One study I did find showed that breast milk didn’t contain isoflavones no matter how much soy the mother consumed – so the French Food Safety Authority’s recommendation may need an update. The same study found a huge range in isofavones in soy formula, which leaves me curious about how the soy was processed. Is there a way to reduce the isoflavones in soy products?

    I’m also extremely interested in what is the amount of estrogen or estrogen-like compounds in milk and meat compared to isoflavones in soy products and how much that is compared to the amount of estrogens produced by the human body at various life stages – and what is the relative activity of all 3 hormone sources. From what I’ve read, there are more isoflavones in soy than there are hormones in pasteurized dairy products, but I’d be very surprised if bovine hormones weren’t more bioactive in humans than soy hormones. Finally, all of these estrogens and isovflavones are consumed orally, and I’m wondering what is the rate of digestion (breaking down) vs how much is absorbed into the human body in tact. Obviously, some hormones can be absorbed (that’s how oral birth control works) but do isoflavones have the same rate of absorption? This is undoubtedly a very complex subject!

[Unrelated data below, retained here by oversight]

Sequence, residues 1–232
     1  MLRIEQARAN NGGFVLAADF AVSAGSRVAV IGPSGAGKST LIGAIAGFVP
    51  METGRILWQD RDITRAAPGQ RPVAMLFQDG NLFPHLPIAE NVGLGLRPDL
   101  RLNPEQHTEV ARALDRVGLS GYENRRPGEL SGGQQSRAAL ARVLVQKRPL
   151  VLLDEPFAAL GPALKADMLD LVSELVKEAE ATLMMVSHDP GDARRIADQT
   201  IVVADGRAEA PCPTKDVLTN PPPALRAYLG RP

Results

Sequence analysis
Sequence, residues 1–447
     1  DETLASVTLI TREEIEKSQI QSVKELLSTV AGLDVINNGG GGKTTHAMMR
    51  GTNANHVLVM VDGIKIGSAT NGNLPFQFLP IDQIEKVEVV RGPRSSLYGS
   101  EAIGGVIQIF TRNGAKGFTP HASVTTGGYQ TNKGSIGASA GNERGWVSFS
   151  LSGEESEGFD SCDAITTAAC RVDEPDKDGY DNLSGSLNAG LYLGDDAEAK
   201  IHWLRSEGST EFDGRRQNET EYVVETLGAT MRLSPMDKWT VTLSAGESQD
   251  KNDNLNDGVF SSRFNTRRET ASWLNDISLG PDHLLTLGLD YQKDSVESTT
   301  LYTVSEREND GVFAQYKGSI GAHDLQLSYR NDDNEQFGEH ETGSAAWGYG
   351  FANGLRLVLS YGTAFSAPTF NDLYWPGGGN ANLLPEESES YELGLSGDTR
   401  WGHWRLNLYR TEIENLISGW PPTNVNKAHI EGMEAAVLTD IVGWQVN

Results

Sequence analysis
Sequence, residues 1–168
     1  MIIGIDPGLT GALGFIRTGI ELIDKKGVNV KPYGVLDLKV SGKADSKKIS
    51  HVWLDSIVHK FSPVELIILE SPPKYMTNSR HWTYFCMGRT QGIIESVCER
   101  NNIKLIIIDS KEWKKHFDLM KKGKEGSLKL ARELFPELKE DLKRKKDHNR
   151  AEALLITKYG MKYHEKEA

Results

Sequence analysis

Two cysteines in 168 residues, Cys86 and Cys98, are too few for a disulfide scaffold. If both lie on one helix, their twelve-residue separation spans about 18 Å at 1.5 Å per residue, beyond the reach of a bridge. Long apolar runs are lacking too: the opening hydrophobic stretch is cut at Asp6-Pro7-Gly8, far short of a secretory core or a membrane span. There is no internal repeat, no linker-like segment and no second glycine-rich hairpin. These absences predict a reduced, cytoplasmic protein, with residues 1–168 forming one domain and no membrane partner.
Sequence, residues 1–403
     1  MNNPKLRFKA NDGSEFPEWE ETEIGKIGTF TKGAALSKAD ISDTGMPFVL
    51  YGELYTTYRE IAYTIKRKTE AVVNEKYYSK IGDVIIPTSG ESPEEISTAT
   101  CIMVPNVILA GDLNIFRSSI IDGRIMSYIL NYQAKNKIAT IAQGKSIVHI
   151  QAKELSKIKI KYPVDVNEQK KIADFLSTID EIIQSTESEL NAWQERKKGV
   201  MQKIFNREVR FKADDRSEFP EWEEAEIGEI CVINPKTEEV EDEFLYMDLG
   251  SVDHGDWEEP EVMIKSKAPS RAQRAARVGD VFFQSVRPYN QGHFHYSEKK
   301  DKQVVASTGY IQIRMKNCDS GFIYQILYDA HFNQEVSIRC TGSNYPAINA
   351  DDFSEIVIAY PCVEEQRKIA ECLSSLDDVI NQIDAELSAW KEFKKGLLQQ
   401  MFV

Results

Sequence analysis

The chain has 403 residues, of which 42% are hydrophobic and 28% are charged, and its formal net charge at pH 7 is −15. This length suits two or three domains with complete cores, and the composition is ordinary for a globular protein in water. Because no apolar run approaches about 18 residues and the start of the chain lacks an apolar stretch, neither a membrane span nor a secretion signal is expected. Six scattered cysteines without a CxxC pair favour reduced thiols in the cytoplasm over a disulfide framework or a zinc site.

5. Andre,
    If Greenpeace were consistent in its evaluation of GMOs and food, Bonsoy would be GMOs. There’s probably mixture of gene fragments from seaweed and soy, and most certainly, ‘unknown’ proteins, etc. expressed by ‘unknown’ genes in the two ‘unrelated species’. Frankenkelpbean, anyone?